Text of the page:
Andy Warhol’s <em>Gun</em>, 1981-1982, offers the viewer a monumental <em>memento mori</em> of the modern age. In a corpus revolving around celebrity, death and tragedy, it takes a critical position amongst the car crashes, race riots and electric chairs of Warhol’s <em>Death and Disaster</em> series from the early 1960s. It was through the lens of detachment that Warhol approached the existential subject of mortality, here isolating and monumentalizing the object depicted locked and loaded in his 1963 <em>Elvis</em> silkscreens. Taking on the scale of a grand history painting, the present work depicts the gun in three-quarter view, silkscreened in black over the white canvas like an X-ray. As part of Warhol’s larger <em>Gun</em> series 1981-1982, of which examples reside in Tate, London, and the Modern Art Museum of Fort Worth, this work demonstrates Warhol's unerring, almost prophetic ability to select, isolate and transform a single image into a provocative icon as he here zooms in on the instrument, rather than the act of violence. Revealing the breadth of Warhol’s investigation of the theme of violence and death,<em> Gun</em> offers a striking argument for the continuum between his early and late work as is currently being revisited with the current Whitney Museum of American Art’s <em>Andy Warhol—From A to B and Back Again, </em>the first Warhol retrospective organized by a United States institution since 1989.<br /><br /><em>Gun</em> was created a little more than a decade after Warhol was shot by Valerie Solanas, the occasional Warhol film actress and self-styled member of the revolutionary feminist group<em> SCUM </em>("Society for Cutting Up Men"). The near-fatal assassination on June 3, 1968 at the Factory both physically and psychologically scarred Warhol. This traumatic event undoubtedly reverberates in <em>Gun</em>, which depicts a similar 0.22 revolver to the one that Solonas handed to the police along with the 0.32 automatic which she used for the crime. Fearing that Solanas, who served only one year in prison due to mental instability, would attack him again, Warhol became consumed by an intense phobia of death – even foregoing a gallbladder operation for fear he would not survive. Following Warhol’s return to painting after a self-imposed hiatus to focus on filmmaking between 1964 and 1972, this pervasive sense of mortality came to the fore again in his <em>Skulls</em> of 1976. Around the same time he was making these works, the artist stated: “I can’t say anything about [death] because I’m not ready for it” (Andy Warhol, <em>The Philosophy of Warhol: From A to B and Back Again</em>, New York, 1977, p. 162).<br /><br />Whether or not <em>Gun</em> was informed by the 1968 shooting, it nevertheless presents a continuation of Warhol’s longstanding fascination with a theme that had given rise to his aptly titled <em>Death and Disaster</em> series. Warhol’s thematic treatment of death began in 1962 with <em>129 Die in Jet,</em> which was based on a tabloid page covering an airplane crash taking place just two months before Marilyn Monroe’s death. Car crashes, suicides and electric chairs followed. His celebrity images convey a latent sense of fatal tragedy, whether that be more obliquely in his portraits of Elvis, or more explicitly in that of Jackie and, of course, Marilyn. As Warhol noted of the <em>Marilyn</em> images he conceived in the aftermath of her suicide, “I realized that everything I was doing must have been death” (Andy Warhol, quoted in Gene Swenson, “What is Pop Art?’’, <em>Artnews,</em> no. 62, November 1963, p. 60). <br /><br />Warhol, who had burst onto the art scene with images of American consumer staples like Campbell's Soup and Coca-Cola, was unflinching in turning his gaze to the dark underbelly of American life. In doing so, he clearly set himself apart from his Pop contemporaries. None other than Peter Halley highlighted the radical nature of his preoccupation with themes of death and disaster: “Warhol defined himself as an artist operating on a truly ambitious stage, willing to take on the big issues of human existence – mortality, the randomness of life and death, and the impersonal cruelty of state power. By so doing, he created a link for himself to not only the pessimistic humanism of Goya and Picasso, but, more importantly, to Abstract Expressionism and its existential and metaphysical concerns – concerns which had been mostly abandoned by the artists of the 60s” (Peter Halley, “Fifteen Little Electric Chairs”, <em>Andy Warhol Little Electric Chair Paintings</em>, exh. cat., Stellan Holm Gallery, New York, 2001, p. 40).<br /><br />In some ways, one can consider <em>Gun</em> as the 20th century incarnation of Goya’s <em>The Third of May</em> <em>1808, </em>acknowledged as one of the first paintings of the modern era. Gone is all the heroism and glorification of traditional war painting as Goya made no attempt to soften the unvarnished brutality portrayed within its execution scene. Irreverently taking this to conclusion, Warhol hones in on the very instrument of violence: the rifle is updated to a handgun, magnified to epic scale as it hovers across the white canvas like a forensic object.<br /><br />Warhol here appears to be extending his very ambition of having his Pop images become “a statement of the symbols of the harsh, impersonal products and brash materialistic objects on which America is built today…” (Andy Warhol, quoted in “New Talent USA”, <em>Art in America</em>, 50, no. 1, 1962, p. 42). In contrast to his 1960s work that which was based on mass media imagery, however, many of Warhol’s work in the 1980s took as his point of departure Polaroids he had taken himself. As then studio manager Vincent Fremont recounted, “In order to choose which guns he would use we made calls to friends who might know someone with a gun. A few scary people, with first names only, came by and let Andy take Polaroid’s of their weapons” (Vincent Fremont, <em>Cast a Cold Eye: The Late Work of Andy Warhol</em>, exh. cat., Gagosian Gallery, New York, 2006, p. 157). Ultimately, however, he decided to use a print advertisement of guns as his source imagery – turning his attention to the most easily accessible of these objects.<br /><br />Tightly cropping the image and blowing it up in the form of a silkscreen, Warhol has here overlaid two screens on the canvas with black paint. The resulting double image on the one hand evokes newsprint – particularly calling to mind the depiction of gun tabloid stories and print advertisements – but also conjures a blurred film still in a similar manner as the strobe effect in <em>Double Elvis</em>, 1963, The Museum of Modern Art, New York. Whereas the barrel is rendered in crisp detail, the pistol grip is only a ghostly trace. The absence of a subject in <em>Gun – </em>both that of perpetrator and victim – ultimately heightens the gun’s status as an ambivalent symbol, one that has been equally glorified, sanitized and vilified in mass media and culture. Warhol remarked that he considered his <em>Guns</em> and <em>Knives</em> as abstract compositions, reflecting his overall preoccupation with abstraction at the time as evidenced in his <em>Oxidation</em> and <em>Shadows</em> paintings from the late 1970. As much as <em>Gun</em> speaks to Warhol’s formal considerations, content is not trivial in Warhol’s work. <br /><br />Indeed, beyond Warhol’s personal trauma, <em>Gun</em> presented a topical motif that held strong currency in American society in the 1980s. The assassinations of President John F. Kennedy, Martin Luther King, Jr., Senator Robert F. Kennedy, and Malcolm X in the 1960s were still recent history when in 1980 John Lennon was assassinated and in 1981 President Ronald Reagan escaped an assassination attempt; the mandate of background checks on buyers of firearms as instilled by the 1993 Brady Handgun Violence Prevention Act was still more than a decade away. Warhol was not unaware of the sectarian conflicts around the globe and the dawning of the neo-conservative Ronald Reagan era. In a diary entry dated July 16, 1980, Warhol expressed concern about the impending election of Ronald Reagan, who was campaigning with the slogan “Let’s Make American Great Again”, writing, “It does look scary” (Andy Warhol, 1980, quoted in Pat Hackett, ed., <em>The Andy Warhol Diaries</em>, New York, 2014, p. 312).<br /><br />It is not surprising that, although Warhol envisioned exhibiting his <em>Guns</em> and <em>Knives</em> alongside his <em>Dollar Sign</em> paintings at the Leo Castelli Gallery in January 1982, the guns and knives were edited out at the last minute. What would have offered the public an unsettling portrayal of American culture with the convergence of money, power and violence, ultimately was presented as a more readily digestible comment on consumerism. This must have been all too familiar for Warhol, whose <em>Death and Disaster</em> series were initially met with categorical rejection in the 1960s, above all in the United States. It is telling that the first exhibition of his <em>Death and Disaster</em> series was at the Ileana Sonnabend Gallery in Paris in 1964 where they garnered favorable reviews. Their positive reception in Europe may have been due in part to its rich <em>memento mori</em> tradition, as seen in the <em>Dance of Death</em> murals and woodcuts starting in the 15th century or the tradition of vanitas still-lifes of the 16th and 17th century.<br /><br />Under Warhol’s seemingly affectless gaze and mechanized process of creation, the gun as a modern day <em>memento mori</em> suggests an ambivalent view of society – one that is countered by Warhol’s concurrent <em>American Myths</em> series, which put forth an idealized image of American media society featuring figures such as Superman and Mickey Mouse. In many ways, it presents the epitome of Susan Sontag’s description of Warhol as “that connoisseur of death and high priest of the delights of apathy” (Susan Sontag, <em>Regarding the Pain of Others</em>, New York, 2003, p. 101). The commonplace interpretation of Warhol’s paintings suggest detachment, yet in this there is also an ethical dimension. His attempt to achieve a machine-like demeanor, as Thierry de Duve has argued, can be considered a strategy of bearing witness: “To testify is neither to promise nor simple to expose; it is to attest to reality as it is, in the past or present” (Thierry de Duve, “Andy Warhol, or The Machine Perfected”, <em>October</em>, no. 48, Spring, 1989, p. 6).<br /><br />In many ways, <em>Gun</em> can be considered an heir to Warhol’s 1967 series of <em>Electric Chairs</em> that Hal Foster described as “a kind of modern crucifix” (Hal Foster, “Death in America”, <em>October</em>, vol. 75, 1996, p. 56). Death is only implied, and no longer depicted. Yet whereas the electric chair embodied a more sinister sense of foreboding and imminent death, the gun here has been wholly de-contextualized to a free-floating signifier not unlike René Magritte’s simulacra. In this sense, Warhol’s images, as Hal Foster observed, are both “referential <em>and</em> simulacral, connected <em>and</em> disconnected, affective <em>and</em> affectless, critical <em>and</em> complacent” (Hal Foster, “Death in America”, <em>October</em>, vol. 75, 1996, p. 39).<br /><br />Warhol’s strategy of ambivalence results in a continuous deferral of meaning as his works ricochet between detachment and engagement, superficiality and depth. This reflects what Roland Barthes theorized as the “Death of the Author”, whereby moving away from the question of authorial intent opens up a text to a multiplicity of interpretations: “The birth of the reader must be at the cost of the death of the author” (Roland Barthes, “The Death of the Author”, 1968, <em>Image, Music, Text</em>, New York, 1977, p. 148). <br /><br />If it is death that is implied in <em>Gun</em>, then by extension the playing field is opened up to the “birth of the viewer” in a way that directly implicates us. As curator Douglas Fogle pointedly put forward speaking of the <em>Death and Disasters</em>, though the questions equally applies to Warhol’s <em>Guns</em>: “What do they tell us about a culture in which disaster has become the staple of our televisual ways of seeing as the 24-7 coverage of tragedies on the cable news networks…become the equivalent of roadside accidents from which we can’t avert our gaze?” (Douglas Fogle, <em>Supernova</em>, exh. cat., Walker Art Center, Minneapolis, 2005, p. 13). In a world where images proliferate to a degree that Warhol could only dream, it is clear that <em>Gun</em> remains as relevant now as nearly 40 years ago.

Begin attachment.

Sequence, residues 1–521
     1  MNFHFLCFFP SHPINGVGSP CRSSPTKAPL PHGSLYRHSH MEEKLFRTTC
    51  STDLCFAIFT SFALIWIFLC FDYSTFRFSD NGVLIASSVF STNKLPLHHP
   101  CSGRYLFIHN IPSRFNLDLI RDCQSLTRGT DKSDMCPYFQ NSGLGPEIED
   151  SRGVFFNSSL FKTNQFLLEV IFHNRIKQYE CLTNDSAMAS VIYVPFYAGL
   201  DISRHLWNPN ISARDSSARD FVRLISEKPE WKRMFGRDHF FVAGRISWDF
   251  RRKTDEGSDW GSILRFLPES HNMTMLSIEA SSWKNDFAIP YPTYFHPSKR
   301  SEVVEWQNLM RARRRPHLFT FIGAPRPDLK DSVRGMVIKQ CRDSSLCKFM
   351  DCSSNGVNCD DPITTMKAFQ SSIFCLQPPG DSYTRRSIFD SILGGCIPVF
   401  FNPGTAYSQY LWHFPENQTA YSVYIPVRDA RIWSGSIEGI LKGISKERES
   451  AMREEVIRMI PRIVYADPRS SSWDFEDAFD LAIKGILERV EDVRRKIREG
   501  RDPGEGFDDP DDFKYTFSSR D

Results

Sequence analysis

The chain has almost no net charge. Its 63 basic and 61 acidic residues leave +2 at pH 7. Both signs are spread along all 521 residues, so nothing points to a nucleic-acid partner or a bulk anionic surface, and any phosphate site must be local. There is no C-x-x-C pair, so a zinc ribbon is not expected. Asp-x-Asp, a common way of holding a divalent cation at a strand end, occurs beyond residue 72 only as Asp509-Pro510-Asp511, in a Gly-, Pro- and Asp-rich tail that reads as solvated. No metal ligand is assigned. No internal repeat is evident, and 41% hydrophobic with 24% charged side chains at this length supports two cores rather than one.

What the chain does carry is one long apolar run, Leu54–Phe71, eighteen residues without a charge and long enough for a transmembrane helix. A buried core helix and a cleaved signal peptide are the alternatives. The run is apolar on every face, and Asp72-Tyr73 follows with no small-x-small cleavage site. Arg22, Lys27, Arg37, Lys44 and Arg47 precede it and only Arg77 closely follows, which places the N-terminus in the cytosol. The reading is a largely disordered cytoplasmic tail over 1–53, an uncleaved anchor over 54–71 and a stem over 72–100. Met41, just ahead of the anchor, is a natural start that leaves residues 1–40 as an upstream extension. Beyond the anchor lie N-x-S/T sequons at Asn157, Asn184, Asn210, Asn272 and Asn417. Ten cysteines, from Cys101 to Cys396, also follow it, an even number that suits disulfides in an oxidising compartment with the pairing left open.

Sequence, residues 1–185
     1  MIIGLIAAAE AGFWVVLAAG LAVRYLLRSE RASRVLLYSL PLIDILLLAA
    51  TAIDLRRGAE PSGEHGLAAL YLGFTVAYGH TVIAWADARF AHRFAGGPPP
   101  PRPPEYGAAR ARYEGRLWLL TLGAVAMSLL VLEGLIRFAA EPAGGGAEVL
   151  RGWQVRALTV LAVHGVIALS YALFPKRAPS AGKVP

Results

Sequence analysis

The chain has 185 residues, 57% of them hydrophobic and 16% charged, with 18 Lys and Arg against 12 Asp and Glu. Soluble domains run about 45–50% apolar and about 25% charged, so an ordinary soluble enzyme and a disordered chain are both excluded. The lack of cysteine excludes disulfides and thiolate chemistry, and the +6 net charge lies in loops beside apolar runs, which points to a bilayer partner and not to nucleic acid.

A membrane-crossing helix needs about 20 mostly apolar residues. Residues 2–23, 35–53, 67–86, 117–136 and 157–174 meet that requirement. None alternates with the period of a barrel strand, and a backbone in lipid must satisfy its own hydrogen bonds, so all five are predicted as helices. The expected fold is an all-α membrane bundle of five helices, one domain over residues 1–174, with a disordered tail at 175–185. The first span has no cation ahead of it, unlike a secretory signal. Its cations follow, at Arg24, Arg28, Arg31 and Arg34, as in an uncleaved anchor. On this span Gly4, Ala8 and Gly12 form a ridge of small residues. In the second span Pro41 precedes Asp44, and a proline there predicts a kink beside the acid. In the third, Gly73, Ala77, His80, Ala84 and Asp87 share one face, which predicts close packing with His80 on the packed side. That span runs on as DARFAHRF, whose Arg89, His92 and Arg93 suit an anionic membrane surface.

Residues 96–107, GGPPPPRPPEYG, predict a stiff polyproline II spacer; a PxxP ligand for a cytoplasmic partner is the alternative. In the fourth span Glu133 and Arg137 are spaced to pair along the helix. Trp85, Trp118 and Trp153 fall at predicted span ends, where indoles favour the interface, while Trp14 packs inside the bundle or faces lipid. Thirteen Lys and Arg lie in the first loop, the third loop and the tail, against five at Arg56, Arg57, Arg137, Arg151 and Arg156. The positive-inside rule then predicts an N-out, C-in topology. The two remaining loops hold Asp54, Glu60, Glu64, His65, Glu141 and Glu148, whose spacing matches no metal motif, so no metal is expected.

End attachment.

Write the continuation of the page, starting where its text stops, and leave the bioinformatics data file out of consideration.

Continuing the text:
synthetic polymer and silkscreen ink on canvas